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# GMAT: Data sufficiency 16

73-76, pg. 284. Created by Sal Khan.

## Want to join the conversation?

• On 76, if the total expenses for S and T are twice as much as R, shouldn't you be able to figure out what S and T's summed expenses are? Specifically, couldn't you multiply 94 by 2 to get 188º = S+T? If you know the angle of S+T then it seems plausible to input 188 into the formula shown to get \$2.82 million?
(1 vote)
• In your summation, you are using information from statement (1) to do your calculation; therefore, statement (2) is not sufficient by itself. Statement (1) is the only one sufficient alone, so the answer is A.
(1 vote)
• 75. if rs =1, then 1t = 1. thus, t=1?
shouldnt D be the answer?
(1 vote)

## Video transcript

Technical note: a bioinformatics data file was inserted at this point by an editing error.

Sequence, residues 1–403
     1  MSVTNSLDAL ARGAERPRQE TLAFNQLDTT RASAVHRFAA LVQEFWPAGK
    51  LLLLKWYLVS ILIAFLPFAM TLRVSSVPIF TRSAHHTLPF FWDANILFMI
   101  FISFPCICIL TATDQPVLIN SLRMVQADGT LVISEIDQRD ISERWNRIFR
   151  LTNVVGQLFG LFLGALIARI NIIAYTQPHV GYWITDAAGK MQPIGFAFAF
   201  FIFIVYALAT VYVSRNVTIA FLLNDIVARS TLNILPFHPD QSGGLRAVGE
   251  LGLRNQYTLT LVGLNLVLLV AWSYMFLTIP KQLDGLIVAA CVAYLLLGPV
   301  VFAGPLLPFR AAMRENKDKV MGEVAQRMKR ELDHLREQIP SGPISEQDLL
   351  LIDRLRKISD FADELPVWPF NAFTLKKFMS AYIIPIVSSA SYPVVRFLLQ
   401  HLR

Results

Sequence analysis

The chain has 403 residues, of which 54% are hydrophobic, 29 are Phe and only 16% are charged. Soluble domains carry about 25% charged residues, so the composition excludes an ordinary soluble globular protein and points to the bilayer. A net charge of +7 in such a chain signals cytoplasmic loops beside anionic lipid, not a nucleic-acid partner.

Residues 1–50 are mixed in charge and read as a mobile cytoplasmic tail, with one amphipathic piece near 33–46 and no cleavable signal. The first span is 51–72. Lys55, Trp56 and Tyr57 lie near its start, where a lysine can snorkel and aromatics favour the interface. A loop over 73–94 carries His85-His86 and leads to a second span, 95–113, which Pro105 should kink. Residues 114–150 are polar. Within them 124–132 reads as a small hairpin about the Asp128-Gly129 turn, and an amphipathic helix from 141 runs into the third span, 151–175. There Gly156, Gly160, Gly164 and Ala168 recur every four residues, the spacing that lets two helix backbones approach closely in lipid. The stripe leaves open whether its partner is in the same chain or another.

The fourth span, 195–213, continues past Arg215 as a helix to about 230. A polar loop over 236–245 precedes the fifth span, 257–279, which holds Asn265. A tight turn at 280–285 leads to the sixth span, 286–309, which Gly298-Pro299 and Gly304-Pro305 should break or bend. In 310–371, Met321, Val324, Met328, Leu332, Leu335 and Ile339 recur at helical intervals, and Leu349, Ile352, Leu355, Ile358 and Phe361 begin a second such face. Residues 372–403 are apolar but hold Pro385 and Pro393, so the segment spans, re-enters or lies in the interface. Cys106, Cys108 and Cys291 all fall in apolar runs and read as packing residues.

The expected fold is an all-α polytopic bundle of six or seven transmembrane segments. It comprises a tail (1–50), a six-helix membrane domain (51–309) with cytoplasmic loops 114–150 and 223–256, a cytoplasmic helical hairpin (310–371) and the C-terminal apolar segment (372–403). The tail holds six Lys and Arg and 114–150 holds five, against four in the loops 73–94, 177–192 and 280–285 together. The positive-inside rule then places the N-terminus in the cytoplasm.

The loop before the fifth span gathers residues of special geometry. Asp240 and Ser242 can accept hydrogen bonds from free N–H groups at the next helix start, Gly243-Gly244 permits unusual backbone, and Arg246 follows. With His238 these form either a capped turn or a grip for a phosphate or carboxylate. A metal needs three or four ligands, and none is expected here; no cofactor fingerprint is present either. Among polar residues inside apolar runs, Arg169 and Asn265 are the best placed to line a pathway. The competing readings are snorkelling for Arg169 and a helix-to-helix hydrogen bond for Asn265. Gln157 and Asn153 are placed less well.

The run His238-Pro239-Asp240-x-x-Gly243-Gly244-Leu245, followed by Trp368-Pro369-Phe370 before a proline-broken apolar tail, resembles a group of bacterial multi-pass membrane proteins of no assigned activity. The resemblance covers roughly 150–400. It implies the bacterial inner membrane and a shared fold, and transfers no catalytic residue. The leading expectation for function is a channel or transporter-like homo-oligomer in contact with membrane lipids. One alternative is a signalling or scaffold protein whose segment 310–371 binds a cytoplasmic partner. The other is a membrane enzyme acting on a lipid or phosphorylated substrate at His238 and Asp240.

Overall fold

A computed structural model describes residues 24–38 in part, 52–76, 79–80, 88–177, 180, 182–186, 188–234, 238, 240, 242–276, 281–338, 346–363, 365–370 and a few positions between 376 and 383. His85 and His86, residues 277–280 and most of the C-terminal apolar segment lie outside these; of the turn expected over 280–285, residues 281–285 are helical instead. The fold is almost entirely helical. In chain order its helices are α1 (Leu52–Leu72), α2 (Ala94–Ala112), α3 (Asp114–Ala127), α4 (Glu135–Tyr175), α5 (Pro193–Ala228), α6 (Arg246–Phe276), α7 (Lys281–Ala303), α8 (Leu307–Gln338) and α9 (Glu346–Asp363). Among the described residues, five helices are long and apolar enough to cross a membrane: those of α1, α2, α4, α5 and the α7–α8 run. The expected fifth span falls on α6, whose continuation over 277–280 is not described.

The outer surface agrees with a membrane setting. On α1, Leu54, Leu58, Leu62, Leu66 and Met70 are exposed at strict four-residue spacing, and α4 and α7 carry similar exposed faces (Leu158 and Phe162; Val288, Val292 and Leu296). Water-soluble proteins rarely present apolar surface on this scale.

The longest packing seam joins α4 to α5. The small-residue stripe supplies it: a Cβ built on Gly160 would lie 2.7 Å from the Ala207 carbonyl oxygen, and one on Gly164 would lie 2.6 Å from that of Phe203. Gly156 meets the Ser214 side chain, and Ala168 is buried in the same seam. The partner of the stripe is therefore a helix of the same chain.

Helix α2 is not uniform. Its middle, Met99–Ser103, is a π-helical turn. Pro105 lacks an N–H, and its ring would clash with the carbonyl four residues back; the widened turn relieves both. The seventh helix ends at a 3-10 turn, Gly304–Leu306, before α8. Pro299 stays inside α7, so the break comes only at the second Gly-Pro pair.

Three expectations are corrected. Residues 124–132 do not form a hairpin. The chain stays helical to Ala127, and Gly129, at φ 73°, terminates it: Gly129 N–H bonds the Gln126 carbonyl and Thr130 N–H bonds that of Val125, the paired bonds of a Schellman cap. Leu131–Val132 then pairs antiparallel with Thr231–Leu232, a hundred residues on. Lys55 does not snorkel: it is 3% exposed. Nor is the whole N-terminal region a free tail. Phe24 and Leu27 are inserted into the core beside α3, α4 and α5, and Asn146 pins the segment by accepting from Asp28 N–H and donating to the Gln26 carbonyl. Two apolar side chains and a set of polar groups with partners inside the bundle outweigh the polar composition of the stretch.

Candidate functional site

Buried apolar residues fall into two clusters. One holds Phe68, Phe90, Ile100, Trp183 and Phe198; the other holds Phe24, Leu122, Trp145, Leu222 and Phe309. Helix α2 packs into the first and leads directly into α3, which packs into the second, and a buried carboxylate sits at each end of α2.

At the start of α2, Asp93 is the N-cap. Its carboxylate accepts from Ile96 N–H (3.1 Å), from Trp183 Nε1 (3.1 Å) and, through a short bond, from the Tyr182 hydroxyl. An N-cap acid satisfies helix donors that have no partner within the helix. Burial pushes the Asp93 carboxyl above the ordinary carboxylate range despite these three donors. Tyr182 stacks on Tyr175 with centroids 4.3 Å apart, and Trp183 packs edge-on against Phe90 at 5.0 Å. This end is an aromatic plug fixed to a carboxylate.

We're on problem 73. How much did a certain telephone call cost? All right. Well, we know nothing so far. Statement one. The call lasted 53 minutes. Well, unless they tell us how much it costs per minute, that still doesn't tell us how much the call costs. Statement two tells us the cost for the first 3 minutes was 5 times the cost for each additional minute. But that still doesn't help us. The cost for the first 3 minutes might have been \$0.05 a minute, and then we might have been \$0.01 a minute after that. Or it could have been \$0.10 a minute, and then-- or let me make it a multiple of 3-- \$0.12 a minute, and then \$0.04 after that. Both of these satisfy that statement. And actually, if I have to be honest, this statement is slightly ambiguous. Because they're saying the cost for the first 3 minutes. Do they mean that the total cost for the first 3 minutes was 5 times each additional minute? Or was it the cost per minute of the first 3 minutes was 5 times additional minutes? Well, either way, both statements combined don't help us, because we're not able to figure out the cost per minute, so that we could apply it to this. So they are both useless. 74. In a certain office, 50% of the employees are college graduates. So let's say 50% college. I'll call it C. Or I could say 50% of the employees are college graduate, right? 60% of the employees are over 40 years old. So it says 60% of the employees equal, we'll call it O for over 40. I don't know where this is going, I'm just making up numbers. And it said if 30% of those over 40 have Master's degrees, how many of the employees over 40 have Master's degrees? OK. So 30% of the over 40 have Master's degrees. I don't know, I'm just trying to make up some notation. How many of the employees over 40 have Master's degrees? So we're actually trying to come up with this number. So if we knew how many employees over 40 there were, we would be set, because we'd just multiply 30% times that. If we knew how many employees there were, we would be all set, because we could figure out the number over 40 and then multiply 30 times that. So let's see what they give us. Statement one. Exactly 100 of the employees are college graduates. So essentially, C is equal to 100, right? And they told us that 50% of the employees are college graduates. So that means how many total employees are there? That means that there are 200 employees. 100 is 50% of 200. So that told us there are 200 employees. If there are 200 employees, how many employees over 40 are there? Well, that's O, right? O for over 40. Well, that's just 60% of 200. That's 120. And then how many over 40 with Master's degrees? Let's that OMD. How many of these are there? Over 40 with Master's degrees. Well, that's 30% of over 40, so that's 30%-- this is an O-- this is 30% of this, which is equal to-- so over 40 with Master's degrees is equal to 36. And we would be done. So statement one alone is sufficient. I should call it over 40 instead of a 0. Don't want to get confused. Over 40 with Mater's degrees. So statement two. Of the employees 40 years old or less, 25% have Master's degrees. So that doesn't tell us anything, really. It doesn't tell us how many employees there are over 40, which was one of the things that we realized we have to figure out. It doesn't help us figure out how many total employees there are, so we really can't do this type of logic. So it seems fairly useless. So yeah, employees 40 years old or less. 25% of-- no. This is a useless piece of information. So the answer is-- what is that? I always forget. A. Statement alone is sufficient and statement 2 is useless. 75. They ask is rst equal to 1? Statement one tells us that rs is equal to 1. This by itself doesn't help us, right? If rs is equal to 1, the only way that this whole thing is going to be equal to 1 is if t is also equal 1. But we don't know that, so-- I mean, t could be equal to 10. So statement one alone doesn't help us. Statement two tells us, st is equal to 1. Well, I can show that even if we have both of these statements, that we still can't prove this. For example, I can come up with a scenario that meets both statements where this is true. Because I can say what if r is equal to 1, s is equal to 1, and t is equal to 1? Then we can make both of these statements true. So then, definitely, rst is equal to 1. But let me see if I can construct something where this doesn't hold up. So what if r is equal to 6. s is equal to 1/6, and then t is equal to 6. So then r times s would still be equal to 1, right? s times t would still be equal to 1. But what is rst now? It's 6 times 1/6, times 6, which is equal to 6. So I can satisfy both of these, but still end up not knowing whether it equals 1 or something different. I just picked this arbitrarily. You can actually kind of pick an arbitrary number here and set this up. So anyway, this is E. I think that's E, right? Both statements combined are useless. Right. They're not sufficient. Next problem. Turn the page. It's problem 76. And they've drawn a nice pie chart for us, which I'll reproduce. 76. Total expenses for the 5 divisions of company h. Let me draw this pie chart. OK. And then they have a bunch of-- let's see, how many pies are there? There are 5 pies. I'll try to draw it the way they do it. So that's one. Two. Three. And they have one more. There we go. So that looks pretty close to what they've drawn. And then they write, this is Q, R, S, T, and P. O is the center. They call this angle, x. Fair enough. So this is the total expenses for the 5 divisions. So each of these are divisions for company h. 76. The figure above represents a circle graph of company h's totally expenses broken down by the expenses for each of it's 5 divisions. If O is the center of the circle-- fair enough, so this is the center, although I didn't draw it quite at the center-- if O is the center of the circle, and if company h's total expenses are \$5.4 million, what are the expenses for division R? So the whole thing is \$5.4 million. So the whole pie is \$5.4 million. And we need to figure out what R is equal to. So the whole expenses are 360 degrees. So whatever fraction x is of 360 degrees, that's going to be the fraction that R is of the total expenses. So let's see if they give us that. If we can figure out what angle x is. One, x is equal to 94. Well, we're done. Because x over the total degrees in the circle-- so 94 over 360 degrees-- that's going to be equal to the expenses of division R divided by the total expenses, \$5.4 million. And this is a trivial equation to solve. So one alone is sufficient. Let's see what they give us for statement number two. The total expenses for divisions S and T are twice as much as the expenses for division R. So they're saying that this right here is twice as much as what we're trying to figure out. It's this right here. Well, that doesn't help us much, because P and Q could be arbitrarily small or large. These two combined could be \$2 and this could be \$1, right? In which case, P and Q are the bulk of the expenses for the company. Or maybe these two are \$4 and R is \$2, which are all possible. And these would represent the rest of the-- whatever. It gets you to \$5.4 million. So statement two is useless. So statement one alone is sufficient and statement two does us no good. And I'm out of time. I'll see you in the next video.